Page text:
Beautiful work, Mark! Those who cannot jettison their preconceptions and revel in Richard's perfectly matched reach/grasp that's demonstrated on ASFY are doomed to permanently underestimate the artistry that he provided for the greatest and truest pop singer in history. We can only hope that some form of divine intervention will knock them off their (high) horse and bring their ears and eyes into the light of day. What you've written will be a big help in setting the stage for such a revelation...
My only quibble is just personal opinion: I tend to think that ASFY is just a tad too "of a piece" to capture the full range of material that the C's could master; for that, I'd turn back to CLOSE TO YOU, where Richard was similarly harried schedule-wise in terms of production but was able to reach back to his first set of collaborations with John Bettis to capture the formative foundation of the group in the "artier" artifacts of the Spectrum era. Side 1 of CTY is the "commercial side" with a higher-register Karen sandwiched between their two great early hits anchored by her "basement" sound; it is certainly eclectic, albeit not with the outrageous flamboyance that ensues on Side 2, which takes all of what was put into play on Side 1 and ups the ante in astonishing ways. Some, including Richard, tend to discount this material, but it's a precious signpost of their early influences and how they reworked them into their own unique sound.
All that said, I do think that ASFY is the best place for newer fans to start, as its unity of sound, diversity of style, and its retention of the "Richard moments" in the track order is better suited to acclimate those who've not heard any of the C's material. And "Goodbye to Love" will (or at least, should) prevent folks from dismissing the group as nothing more that a super-sophisticated pop confection. With your sentences as a guide, particularly in the portions that relate your youthful reminiscences to the various tracks, you've provided a brightly-lit trail which ensures that the receptive reader will find his/her way to a beautiful new experience that will impact their lives in the same way that it happened to all of us.
Thanks, Don. I think you hit the nail on the head better than I did regarding the Close to You album. In the past, when I have gone back and forth on how I feel about all their different albums, Close to You has always remained a steadfast favorite (as has Horizon, but for very different reasons). It has always sounded fresh to me due to its energy and variety of textures.
Mark: I really enjoyed your renewed assessment to this album as most of it fits all I have thought through the years. The comment I wanted to make is in reply to the chorus review of I Won't Last A Day Without You, as if it stopped the song from measuring up to the past parings. When you talked about the Piano Picker and Flat Baroque being better live, I began to think that the last chorus coming out of the bridge should have ended with a slow intimate take as it does live and then following into the beautiful overdubbed ending, which is among my favorite endings. Perhaps, it would have made it too sweet, but I can feel what you mean about the feeling of something missing. This is one of my favorite songs for its opening, ending and bridge, and Karen sounds so great on it and it fits perfectly into 1972. I did not hear the album, A Song for You, until the summer of 1974, so when thinking back, as I first heard it as a single version, I don't know if I liked the song in '74 for the song or because it was Karen. I do feel that it would have broken into the top 10 in a 1972 single release, but it may have pigenholled them with Paul Williams, so perhaps the tunes in between helped? Sometimes, I think had they re-recorded the vocal as they did on Top Of The Word that it would have fixed things. Maybe it will be on an RPO take next time, if there is one, and all our issues will be addressed! I do agree that Tony Peluso's guitar helped lift the chorus/song.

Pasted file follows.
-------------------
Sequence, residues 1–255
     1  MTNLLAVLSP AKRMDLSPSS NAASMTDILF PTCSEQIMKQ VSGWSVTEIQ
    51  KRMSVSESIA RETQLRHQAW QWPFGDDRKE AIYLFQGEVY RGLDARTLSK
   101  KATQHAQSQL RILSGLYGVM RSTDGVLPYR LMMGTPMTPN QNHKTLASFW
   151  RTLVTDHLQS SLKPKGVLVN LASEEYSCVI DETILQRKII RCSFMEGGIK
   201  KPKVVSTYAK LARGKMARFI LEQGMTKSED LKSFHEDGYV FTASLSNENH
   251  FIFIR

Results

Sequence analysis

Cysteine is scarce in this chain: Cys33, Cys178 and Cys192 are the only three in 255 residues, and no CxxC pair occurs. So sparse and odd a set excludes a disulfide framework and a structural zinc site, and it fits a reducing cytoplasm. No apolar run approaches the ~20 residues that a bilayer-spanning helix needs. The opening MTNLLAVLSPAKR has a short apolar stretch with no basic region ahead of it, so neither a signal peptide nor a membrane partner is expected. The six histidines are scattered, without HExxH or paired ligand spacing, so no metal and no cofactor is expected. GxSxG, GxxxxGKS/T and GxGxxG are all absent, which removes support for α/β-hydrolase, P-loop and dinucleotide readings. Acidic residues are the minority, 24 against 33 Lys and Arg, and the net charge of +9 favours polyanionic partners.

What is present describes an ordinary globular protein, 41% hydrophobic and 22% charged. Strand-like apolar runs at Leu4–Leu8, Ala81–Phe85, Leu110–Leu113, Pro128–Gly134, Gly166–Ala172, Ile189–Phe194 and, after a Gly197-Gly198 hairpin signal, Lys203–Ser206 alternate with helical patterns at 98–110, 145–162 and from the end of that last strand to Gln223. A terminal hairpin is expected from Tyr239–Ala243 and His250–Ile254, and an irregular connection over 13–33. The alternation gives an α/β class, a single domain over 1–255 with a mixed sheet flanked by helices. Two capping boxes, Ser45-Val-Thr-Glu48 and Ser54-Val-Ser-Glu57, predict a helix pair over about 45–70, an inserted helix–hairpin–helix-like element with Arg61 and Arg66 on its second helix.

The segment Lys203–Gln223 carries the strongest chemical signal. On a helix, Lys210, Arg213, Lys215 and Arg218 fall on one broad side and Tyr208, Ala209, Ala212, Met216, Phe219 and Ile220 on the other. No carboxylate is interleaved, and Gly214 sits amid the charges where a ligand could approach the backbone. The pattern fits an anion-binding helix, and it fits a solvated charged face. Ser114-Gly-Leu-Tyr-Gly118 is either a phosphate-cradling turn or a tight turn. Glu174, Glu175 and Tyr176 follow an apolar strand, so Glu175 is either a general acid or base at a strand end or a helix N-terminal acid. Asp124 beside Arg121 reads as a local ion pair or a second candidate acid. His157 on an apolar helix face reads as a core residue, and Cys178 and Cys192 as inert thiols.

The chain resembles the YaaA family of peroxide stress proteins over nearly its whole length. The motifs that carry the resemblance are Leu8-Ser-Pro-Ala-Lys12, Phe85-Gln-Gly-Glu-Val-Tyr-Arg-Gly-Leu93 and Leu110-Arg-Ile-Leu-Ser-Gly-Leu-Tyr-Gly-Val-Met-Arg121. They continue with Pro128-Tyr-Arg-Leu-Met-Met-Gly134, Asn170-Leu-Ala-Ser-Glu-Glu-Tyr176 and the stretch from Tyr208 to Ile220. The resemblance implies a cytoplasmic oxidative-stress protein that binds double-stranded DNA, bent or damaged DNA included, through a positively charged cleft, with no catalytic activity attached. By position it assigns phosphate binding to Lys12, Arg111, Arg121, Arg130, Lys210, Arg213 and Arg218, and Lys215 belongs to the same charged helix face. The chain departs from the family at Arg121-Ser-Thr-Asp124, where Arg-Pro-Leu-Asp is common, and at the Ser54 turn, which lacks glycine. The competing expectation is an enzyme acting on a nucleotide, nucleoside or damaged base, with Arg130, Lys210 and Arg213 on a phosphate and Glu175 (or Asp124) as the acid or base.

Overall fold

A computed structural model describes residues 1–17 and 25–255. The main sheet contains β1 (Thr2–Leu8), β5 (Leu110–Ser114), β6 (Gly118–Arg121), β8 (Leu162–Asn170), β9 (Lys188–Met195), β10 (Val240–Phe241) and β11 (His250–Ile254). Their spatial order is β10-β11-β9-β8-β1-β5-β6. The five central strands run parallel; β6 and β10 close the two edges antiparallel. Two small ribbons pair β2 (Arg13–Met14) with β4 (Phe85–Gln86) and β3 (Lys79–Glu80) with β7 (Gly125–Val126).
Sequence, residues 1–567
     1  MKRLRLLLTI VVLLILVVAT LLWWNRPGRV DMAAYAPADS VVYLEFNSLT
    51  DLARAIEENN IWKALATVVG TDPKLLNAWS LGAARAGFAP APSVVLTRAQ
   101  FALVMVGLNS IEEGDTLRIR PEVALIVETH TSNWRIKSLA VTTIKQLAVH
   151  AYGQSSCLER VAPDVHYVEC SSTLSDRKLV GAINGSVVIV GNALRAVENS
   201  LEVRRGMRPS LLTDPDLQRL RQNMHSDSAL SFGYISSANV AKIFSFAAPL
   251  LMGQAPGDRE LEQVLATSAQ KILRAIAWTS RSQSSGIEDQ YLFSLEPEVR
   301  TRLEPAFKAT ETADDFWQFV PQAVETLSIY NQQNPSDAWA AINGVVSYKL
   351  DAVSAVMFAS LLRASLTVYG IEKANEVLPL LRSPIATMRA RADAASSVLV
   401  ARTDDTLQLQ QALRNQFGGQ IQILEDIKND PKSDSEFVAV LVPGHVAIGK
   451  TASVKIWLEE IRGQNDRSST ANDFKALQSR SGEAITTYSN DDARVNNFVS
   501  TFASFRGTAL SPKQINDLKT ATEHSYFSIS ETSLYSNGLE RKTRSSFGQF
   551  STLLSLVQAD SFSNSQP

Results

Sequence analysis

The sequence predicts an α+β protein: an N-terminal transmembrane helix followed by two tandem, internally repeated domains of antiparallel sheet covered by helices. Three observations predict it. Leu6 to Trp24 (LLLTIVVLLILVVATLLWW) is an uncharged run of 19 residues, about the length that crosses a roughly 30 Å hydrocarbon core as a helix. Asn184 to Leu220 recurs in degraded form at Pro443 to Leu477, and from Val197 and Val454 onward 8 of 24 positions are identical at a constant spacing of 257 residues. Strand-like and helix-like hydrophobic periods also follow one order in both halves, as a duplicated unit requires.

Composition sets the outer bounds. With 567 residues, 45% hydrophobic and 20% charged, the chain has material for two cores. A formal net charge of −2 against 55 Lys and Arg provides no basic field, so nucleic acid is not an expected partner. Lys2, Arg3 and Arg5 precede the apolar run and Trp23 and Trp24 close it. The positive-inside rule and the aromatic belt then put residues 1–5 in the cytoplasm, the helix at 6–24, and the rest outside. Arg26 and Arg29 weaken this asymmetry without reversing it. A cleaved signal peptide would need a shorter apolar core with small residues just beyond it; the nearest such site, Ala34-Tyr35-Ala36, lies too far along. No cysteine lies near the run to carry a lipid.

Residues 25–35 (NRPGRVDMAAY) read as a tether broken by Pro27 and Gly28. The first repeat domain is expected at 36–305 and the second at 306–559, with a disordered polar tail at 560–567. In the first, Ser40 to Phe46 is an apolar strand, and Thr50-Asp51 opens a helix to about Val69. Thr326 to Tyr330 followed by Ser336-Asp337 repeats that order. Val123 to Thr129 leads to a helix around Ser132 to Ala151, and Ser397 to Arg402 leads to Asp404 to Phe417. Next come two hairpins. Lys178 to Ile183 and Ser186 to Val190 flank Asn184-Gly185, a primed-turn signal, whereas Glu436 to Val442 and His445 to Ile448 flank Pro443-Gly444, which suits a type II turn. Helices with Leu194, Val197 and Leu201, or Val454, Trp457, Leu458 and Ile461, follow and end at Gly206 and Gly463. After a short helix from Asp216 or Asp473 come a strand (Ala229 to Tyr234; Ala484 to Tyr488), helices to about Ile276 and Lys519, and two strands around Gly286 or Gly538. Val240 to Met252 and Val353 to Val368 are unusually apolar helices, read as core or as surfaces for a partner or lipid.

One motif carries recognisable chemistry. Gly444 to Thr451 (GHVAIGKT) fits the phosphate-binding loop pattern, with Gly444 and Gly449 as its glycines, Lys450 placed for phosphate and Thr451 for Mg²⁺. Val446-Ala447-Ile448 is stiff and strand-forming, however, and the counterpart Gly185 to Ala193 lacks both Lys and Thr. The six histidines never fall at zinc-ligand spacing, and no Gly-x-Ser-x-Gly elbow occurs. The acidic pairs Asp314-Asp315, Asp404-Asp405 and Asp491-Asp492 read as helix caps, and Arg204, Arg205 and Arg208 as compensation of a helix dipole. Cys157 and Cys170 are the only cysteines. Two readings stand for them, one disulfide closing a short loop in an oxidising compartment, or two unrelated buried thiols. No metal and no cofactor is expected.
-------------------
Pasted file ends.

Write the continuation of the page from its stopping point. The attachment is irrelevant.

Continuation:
As a single, the words, if all my friend have forgotten all their promises... coming out of the bridge is just perfect love song candy and the section I always replayed the song longing for another piece of that candy. As an album cut, the subject of emotion reflects into words of the lead song echoing, listen to the melody for my love is in there...
So many of their albums are on an equal basis as favorites in my emotional subjection and through the years this album has toggled with Horizon as my favorite, but Horizon usually wins for its Karen at her best and each song reflects it. Not just life on canvas, but life on vinyl, there is not a more introspective look with thoughtful design woven from any groups career as distinctive as A Song For You is for the Carpenters for it displays their character and their life into their beautifully crafted songs, and it is a perfect snapshot of Carpenters 1972.
I do love the live version of IWLADWY on the Palladium disc. Its simpler production served it well. Sometimes less is more. Of course, like you Craig, I would have enjoyed hearing different arrangements of it. Yes, absolutely- AS4Y is the "perfect snapshot of Carpenters in 1972".